Insuring a motorcycle as a new rider can be a daunting task. Unable to fall back on the usual premium slashing saviours like years of riding experience or a healthy no claims bonus, budding bikers are forced to turn to alternative methods to keep the costs to a minimum.
To help you navigate the confusing world of premiums and excesses, MCN spoke to Managing Director at Principal Insurance, Dave Bowcock, who offered some wise words to help you avoid paying over the odds.
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'Experience is a big insurance influencer'
"Experience, or claims-free experience, is obviously a big influence on the cost of cover. Obviously that’s no comfort to new riders, so the next best thing is to bolster your Compulsory Basic Training (CBT) with some advanced training," Dave Bowcock said.
Dave then added: "Another straightforward and sensible measure is to invest as much as you can in insurance approved – Thatcham accredited - security. You could also fit a decent alarm, immobiliser or ground anchor and you could again trim a further 10%."
As well as external security devices, remember to be detailed about where the bike is kept, as features like a locked garage could see the prices drop. Your location could also influence prices, with theft hotspots like London generally generating higher premiums.
Buying an older bike can help
Another measure to consider is buying an older, cheaper motorcycle as your first machine, with classic insurance being significantly cheaper than modern motorcycle premiums.
A classic case in point would be the Suzuki GSF600 Bandit range; cheap, reliable and A2-compliant, this older bike could be the answer to your insurance woes.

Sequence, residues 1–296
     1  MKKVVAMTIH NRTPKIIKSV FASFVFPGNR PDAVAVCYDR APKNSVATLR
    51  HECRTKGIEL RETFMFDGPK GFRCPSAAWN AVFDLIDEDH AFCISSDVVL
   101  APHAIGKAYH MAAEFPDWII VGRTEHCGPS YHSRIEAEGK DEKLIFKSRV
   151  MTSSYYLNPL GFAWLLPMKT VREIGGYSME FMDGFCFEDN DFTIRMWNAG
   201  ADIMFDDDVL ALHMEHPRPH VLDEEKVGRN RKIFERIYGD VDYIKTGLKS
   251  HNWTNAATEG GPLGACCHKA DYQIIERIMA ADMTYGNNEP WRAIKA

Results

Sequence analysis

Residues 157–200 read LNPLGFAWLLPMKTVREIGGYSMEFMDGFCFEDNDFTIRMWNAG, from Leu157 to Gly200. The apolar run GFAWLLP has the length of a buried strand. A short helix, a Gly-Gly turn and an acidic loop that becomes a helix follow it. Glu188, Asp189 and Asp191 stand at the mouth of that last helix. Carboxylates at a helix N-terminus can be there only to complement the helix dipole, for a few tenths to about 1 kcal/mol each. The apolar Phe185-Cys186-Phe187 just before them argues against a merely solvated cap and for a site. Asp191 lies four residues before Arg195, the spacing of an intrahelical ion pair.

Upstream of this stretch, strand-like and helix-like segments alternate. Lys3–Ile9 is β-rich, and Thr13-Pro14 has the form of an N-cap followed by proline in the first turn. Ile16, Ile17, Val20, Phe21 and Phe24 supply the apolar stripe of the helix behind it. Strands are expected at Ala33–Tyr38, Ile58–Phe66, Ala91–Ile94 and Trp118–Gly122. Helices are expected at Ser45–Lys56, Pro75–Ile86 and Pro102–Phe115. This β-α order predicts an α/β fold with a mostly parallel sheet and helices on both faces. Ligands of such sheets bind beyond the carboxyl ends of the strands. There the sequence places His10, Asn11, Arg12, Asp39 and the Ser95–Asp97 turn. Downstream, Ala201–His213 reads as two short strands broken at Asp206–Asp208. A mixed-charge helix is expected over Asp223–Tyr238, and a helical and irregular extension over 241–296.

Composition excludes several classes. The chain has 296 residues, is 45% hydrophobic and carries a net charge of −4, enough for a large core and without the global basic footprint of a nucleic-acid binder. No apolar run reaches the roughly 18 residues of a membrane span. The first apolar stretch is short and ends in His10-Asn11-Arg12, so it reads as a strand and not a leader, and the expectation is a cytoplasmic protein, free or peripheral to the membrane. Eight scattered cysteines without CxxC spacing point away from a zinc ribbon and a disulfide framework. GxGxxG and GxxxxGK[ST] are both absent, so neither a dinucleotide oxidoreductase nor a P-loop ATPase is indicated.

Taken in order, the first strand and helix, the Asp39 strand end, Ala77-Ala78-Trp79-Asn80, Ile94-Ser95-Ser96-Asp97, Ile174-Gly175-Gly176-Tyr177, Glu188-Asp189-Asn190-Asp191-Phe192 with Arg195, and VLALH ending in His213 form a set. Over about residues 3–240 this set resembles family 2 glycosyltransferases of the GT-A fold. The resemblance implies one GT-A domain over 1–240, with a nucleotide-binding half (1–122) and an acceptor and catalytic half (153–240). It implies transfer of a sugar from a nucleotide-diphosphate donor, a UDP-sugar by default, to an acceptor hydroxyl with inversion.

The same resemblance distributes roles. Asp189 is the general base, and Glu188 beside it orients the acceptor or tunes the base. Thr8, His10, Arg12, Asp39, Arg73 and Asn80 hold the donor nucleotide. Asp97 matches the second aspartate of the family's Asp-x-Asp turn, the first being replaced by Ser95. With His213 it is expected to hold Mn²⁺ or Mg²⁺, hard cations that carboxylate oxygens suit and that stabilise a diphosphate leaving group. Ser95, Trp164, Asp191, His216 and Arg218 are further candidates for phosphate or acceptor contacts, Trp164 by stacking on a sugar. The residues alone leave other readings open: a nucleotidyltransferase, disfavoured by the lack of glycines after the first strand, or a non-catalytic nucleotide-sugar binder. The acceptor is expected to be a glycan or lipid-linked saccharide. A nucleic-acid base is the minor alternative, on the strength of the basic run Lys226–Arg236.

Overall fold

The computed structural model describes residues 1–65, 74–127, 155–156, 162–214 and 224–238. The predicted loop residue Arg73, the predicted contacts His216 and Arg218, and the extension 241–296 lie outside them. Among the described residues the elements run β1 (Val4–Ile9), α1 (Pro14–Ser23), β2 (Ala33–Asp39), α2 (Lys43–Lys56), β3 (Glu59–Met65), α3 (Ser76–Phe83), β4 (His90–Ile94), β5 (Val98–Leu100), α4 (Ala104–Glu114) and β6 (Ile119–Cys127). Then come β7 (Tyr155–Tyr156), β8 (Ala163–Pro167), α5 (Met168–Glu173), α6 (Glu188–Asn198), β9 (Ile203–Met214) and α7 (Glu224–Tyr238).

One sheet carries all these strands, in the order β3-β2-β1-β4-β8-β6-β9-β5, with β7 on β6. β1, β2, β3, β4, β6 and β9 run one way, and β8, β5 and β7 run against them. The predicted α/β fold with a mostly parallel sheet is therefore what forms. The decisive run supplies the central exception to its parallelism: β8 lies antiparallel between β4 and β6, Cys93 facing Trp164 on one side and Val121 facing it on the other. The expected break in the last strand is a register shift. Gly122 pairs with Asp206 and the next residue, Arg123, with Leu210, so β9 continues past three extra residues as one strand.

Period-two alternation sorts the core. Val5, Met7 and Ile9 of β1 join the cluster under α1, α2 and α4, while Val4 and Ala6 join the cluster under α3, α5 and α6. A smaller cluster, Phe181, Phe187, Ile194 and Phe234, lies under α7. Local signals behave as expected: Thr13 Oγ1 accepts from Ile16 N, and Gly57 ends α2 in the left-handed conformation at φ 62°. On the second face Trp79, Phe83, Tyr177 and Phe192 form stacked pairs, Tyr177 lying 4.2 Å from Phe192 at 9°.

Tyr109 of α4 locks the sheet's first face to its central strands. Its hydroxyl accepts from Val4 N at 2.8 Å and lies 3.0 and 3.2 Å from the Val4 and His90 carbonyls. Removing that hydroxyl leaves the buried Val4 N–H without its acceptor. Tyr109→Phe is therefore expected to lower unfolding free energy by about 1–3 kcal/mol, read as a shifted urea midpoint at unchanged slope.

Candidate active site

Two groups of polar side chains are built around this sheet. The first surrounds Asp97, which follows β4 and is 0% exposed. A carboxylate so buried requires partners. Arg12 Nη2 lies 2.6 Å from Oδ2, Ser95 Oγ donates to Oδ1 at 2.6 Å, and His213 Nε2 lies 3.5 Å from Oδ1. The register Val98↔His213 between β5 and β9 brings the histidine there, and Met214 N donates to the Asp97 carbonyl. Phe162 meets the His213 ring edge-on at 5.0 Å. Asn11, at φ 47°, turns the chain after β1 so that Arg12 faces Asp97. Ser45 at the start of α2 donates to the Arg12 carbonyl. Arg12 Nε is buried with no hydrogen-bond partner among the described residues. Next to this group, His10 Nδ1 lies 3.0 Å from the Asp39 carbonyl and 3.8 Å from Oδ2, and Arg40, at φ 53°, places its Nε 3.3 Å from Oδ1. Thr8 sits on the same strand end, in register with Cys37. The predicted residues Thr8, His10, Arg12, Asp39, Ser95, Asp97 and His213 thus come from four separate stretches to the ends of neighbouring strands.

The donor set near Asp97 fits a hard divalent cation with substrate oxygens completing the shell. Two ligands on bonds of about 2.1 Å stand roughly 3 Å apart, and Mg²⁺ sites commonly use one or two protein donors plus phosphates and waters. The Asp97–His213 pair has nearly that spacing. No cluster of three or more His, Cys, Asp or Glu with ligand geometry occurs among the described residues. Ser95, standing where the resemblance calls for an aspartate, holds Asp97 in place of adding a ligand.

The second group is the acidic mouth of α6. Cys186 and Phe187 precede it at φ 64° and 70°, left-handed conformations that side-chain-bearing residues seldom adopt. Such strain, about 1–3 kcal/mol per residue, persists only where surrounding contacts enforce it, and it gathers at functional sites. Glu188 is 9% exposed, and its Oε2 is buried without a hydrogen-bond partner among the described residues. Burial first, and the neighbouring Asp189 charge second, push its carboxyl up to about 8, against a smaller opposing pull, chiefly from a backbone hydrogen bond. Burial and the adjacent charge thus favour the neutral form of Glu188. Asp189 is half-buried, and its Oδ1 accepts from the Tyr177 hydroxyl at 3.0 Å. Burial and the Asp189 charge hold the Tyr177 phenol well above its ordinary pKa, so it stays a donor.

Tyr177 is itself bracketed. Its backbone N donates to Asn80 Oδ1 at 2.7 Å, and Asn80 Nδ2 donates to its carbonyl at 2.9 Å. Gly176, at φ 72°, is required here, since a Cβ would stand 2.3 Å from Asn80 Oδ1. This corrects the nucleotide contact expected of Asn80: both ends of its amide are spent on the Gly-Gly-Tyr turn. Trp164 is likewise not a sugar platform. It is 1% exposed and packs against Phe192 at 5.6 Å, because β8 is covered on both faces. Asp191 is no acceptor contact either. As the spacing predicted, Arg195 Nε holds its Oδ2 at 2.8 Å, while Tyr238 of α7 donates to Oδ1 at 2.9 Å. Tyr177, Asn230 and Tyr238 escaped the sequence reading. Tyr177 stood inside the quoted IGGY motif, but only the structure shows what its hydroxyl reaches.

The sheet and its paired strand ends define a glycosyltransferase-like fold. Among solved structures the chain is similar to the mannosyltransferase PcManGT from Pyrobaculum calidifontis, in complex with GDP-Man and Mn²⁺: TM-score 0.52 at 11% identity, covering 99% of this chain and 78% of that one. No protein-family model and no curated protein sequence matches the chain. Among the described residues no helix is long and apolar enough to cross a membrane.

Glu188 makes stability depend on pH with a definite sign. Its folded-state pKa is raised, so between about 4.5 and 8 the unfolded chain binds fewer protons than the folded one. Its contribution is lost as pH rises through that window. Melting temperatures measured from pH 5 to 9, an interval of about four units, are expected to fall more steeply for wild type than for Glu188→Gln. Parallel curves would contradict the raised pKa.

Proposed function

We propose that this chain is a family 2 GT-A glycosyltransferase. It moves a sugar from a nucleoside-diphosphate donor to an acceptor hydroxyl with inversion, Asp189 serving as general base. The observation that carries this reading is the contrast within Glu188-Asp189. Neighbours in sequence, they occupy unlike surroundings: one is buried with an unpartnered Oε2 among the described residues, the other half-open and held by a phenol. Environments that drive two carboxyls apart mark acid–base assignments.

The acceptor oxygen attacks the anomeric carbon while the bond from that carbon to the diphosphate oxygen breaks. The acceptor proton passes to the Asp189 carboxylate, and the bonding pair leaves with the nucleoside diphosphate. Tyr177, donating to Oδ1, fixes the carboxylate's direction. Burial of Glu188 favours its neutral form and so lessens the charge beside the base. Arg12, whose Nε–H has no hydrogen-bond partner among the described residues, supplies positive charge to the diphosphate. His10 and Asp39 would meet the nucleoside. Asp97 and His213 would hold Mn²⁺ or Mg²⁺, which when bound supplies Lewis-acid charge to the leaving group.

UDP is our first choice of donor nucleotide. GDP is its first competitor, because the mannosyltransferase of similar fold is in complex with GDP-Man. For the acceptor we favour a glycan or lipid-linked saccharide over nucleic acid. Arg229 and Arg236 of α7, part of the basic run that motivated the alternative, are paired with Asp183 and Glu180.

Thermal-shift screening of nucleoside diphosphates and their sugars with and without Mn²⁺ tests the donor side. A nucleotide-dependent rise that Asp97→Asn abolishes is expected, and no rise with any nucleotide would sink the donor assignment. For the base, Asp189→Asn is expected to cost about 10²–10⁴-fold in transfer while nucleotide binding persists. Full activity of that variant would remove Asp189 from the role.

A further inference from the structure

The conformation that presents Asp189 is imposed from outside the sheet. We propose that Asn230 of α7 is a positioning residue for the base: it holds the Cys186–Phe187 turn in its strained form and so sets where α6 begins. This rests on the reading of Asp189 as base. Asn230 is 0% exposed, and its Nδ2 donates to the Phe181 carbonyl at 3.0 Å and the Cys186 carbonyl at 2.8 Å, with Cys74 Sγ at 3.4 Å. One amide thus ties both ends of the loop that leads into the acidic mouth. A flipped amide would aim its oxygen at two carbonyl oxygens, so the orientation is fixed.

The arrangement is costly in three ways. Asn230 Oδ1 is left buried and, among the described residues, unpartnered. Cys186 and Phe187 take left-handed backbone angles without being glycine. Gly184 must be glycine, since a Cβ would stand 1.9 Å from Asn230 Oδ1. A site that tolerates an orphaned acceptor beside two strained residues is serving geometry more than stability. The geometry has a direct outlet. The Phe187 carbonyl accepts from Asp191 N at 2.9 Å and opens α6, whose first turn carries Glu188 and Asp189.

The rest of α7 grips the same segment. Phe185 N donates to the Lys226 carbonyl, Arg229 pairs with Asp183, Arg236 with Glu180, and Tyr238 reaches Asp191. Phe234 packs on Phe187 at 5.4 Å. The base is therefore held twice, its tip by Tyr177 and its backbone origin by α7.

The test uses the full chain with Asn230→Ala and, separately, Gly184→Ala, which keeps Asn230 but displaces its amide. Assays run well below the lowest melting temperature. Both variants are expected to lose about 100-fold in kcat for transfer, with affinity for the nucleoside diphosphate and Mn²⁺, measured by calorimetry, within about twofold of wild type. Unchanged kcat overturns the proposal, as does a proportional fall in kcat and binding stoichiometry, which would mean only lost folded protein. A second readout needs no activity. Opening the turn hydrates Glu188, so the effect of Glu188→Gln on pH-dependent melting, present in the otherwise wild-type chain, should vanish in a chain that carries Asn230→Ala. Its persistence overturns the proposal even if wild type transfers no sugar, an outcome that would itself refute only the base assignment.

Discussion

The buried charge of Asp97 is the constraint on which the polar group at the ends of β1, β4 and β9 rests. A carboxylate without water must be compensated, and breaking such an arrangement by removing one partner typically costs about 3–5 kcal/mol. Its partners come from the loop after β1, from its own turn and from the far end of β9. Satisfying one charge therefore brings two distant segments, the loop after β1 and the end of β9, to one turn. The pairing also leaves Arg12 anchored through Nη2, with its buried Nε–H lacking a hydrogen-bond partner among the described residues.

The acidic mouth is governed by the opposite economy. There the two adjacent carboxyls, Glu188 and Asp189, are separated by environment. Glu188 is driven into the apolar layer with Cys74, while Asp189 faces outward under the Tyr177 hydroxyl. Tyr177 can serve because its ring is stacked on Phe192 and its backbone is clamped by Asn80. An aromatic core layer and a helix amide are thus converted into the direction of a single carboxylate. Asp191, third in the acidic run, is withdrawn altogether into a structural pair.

You should also consider looking for something with little to no modifications. "If a bike is modified and they either enhance performance or add value, then it may increase your premium," Dave added.
'Declaring mods isn't just to catch you out'
He then went on to say: "Contrary to popular opinion, insurers don’t try and catch you out with mods, but they do expect you to inform them of something which materially affects you or your bike. If you have any doubts ask."
It may also be worth negotiating with your insurer, meaning you could potentially trade off an agreed mileage limit or a higher excess for a lower premium.
It is important to remember though that you must stick to your side of the bargain. Do not say you’ll do 5000 miles and then do 10,000.
When weighing up quotes, you also need to make sure you’re comparing like with like as excesses and benefits like breakdown or legal protection may vary or not even be included.
Finally, Bowcock warns against going to a general insurer, as: "Biking is a specialist market and nothing like cars. Specialist firms tend to offer better cover, value and, crucially service.
"If you need to make a claim you’ll want someone who knows what you’re talking about handling it," Bowcock said.
Have a browse for your next bike at MCN Bikes For Sale.